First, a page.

That brings me neatly on to the effect on people. Those fires have severe consequences for human life; air pollution is a major problem across the region. In 1997 alone, hospitals in Singapore recorded an increase of as much as 30% in hospital admissions for haze-related conditions. Haze events occur as a direct consequence of extensive forest fires. In 2015, Malaysia and Singapore experienced the longest haze event on record, which lasted as long as three months. A 2017 European Commission study estimated that those countries may have experienced more than 100,000 excess deaths in 2015 alone, as a direct consequence of that event.
Secondly on the industry’s effect on people, there has been a rising number of disputes over land ownership. Several cases have been reported of large palm oil producing companies being given preferential access to areas of land over indigenous populations, who have been displaced despite their long-standing generational and cultural ties to the area. That has been a global issue, with cases documented in Malaysia, Papua New Guinea, Cambodia, the Philippines, Nigeria, Liberia, Cameroon and Colombia, and specifically Indonesia; its national land bureau estimates that disputes relating to the palm oil industry in 2012 alone accounted for as many as half of the country’s land conflicts.
Finally, the industry, while providing employment for many people and being a huge part of local economies, has been connected with alleged exploitation of child and forced labour for the purpose of profiteering. The United States Department of Labour lists palm oil produced in Malaysia as a product of forced labour; in Malaysia, Indonesia and Sierra Leone, the industry also exploits child labour.
As legislators, we need to ask what our response to this issue should be. It is important to remember that criticism of industry in and of itself is not universal. It is a vital component of the economies of those countries, and the livelihoods of many people are supported and maintained by the production and export of palm oil and associated goods. Academics and anthropologists have suggested that a total ban on all products containing palm oil, such as the one implemented by supermarket chain Iceland, may in fact be detrimental to addressing the damage that unsustainable palm oil production causes. They argue:
“Environmentally conscious consumers should demand palm oil from certified sources, but avoiding it altogether runs the risk of putting pressure on other crops that are equally to blame for the world’s environmental problems.”
In fact, Greenpeace has argued that it is not opposed to palm oil in and of itself. The solution has to be to look at how, specifically, we can reduce the impacts of deforestation, and consequently support more sustainable approaches.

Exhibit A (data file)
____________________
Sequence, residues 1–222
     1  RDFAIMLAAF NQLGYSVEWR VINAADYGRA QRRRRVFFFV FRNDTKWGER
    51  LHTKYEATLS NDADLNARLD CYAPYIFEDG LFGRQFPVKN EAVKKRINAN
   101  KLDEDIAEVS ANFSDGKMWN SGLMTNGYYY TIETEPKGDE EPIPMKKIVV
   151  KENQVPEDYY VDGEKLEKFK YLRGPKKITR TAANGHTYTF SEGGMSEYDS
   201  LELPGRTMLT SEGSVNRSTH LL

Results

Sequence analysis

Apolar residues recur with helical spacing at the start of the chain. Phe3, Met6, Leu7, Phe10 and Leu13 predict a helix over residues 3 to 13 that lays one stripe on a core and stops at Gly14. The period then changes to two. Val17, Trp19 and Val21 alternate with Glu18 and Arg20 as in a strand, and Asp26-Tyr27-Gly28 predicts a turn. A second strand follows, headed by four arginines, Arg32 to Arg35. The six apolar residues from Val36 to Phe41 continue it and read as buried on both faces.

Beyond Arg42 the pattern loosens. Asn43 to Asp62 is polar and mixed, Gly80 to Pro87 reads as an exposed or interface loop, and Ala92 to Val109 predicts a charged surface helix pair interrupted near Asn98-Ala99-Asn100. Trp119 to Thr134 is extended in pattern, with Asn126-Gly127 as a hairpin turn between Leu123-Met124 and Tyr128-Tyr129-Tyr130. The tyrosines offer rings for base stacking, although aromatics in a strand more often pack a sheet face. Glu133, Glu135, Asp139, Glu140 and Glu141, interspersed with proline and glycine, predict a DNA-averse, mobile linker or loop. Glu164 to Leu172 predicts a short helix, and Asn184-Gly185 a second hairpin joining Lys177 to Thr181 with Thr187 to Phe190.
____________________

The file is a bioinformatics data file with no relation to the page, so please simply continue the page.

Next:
WWF has been in discussions with me about the recommendations that it has put forward: first, to work with the private sector to address the deforestation risks in its global supply chains—the Government should consider demanding high environmental standards in any future trade deals with countries across the world that are harvesting palm oil—and, secondly, to bring forward an environment Bill that sets out a strong legal basis for the recovery of our environment and the reduction of our global impacts.
I have described the impact that unsustainable palm oil has on animals, the environment and people, and how legislators and the Government could proceed. It is clear that greater global effort must be made to end the practice of producing unsustainable palm oil, so I would like to put some points and questions to my hon. Friend the Minister before I conclude. First, although the Government have made considerable progress in relation to ensuring 100% sourcing of credibly certified palm oil, there is still progress to be made. That is despite the excellent work that the Minister has been doing, so can she outline when the 100% threshold is likely to be met? Secondly, what steps are the Government taking to build on the work of the Roundtable on Sustainable Palm Oil and encourage those nations to address the issues associated with unsustainable palm oil through international aid, diplomatic measures and other tools that Governments have at their disposal? Thirdly, how are this Government highlighting the commitments of countries to create reductions in greenhouse gas emissions under the 2015 Paris climate change agreement, and highlighting how that can be achieved in short order?